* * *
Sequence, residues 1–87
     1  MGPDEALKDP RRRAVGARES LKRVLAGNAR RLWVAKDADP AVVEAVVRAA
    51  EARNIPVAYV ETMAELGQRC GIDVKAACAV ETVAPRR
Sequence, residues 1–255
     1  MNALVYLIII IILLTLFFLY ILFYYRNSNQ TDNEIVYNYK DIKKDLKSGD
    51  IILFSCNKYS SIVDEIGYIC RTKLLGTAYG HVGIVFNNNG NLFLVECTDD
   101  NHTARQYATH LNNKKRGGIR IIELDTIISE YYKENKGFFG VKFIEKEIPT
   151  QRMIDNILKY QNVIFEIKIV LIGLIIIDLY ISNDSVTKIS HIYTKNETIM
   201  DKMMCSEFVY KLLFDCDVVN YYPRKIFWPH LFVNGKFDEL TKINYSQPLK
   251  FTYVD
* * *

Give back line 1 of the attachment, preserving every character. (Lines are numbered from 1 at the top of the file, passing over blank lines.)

Sequence, residues 1–87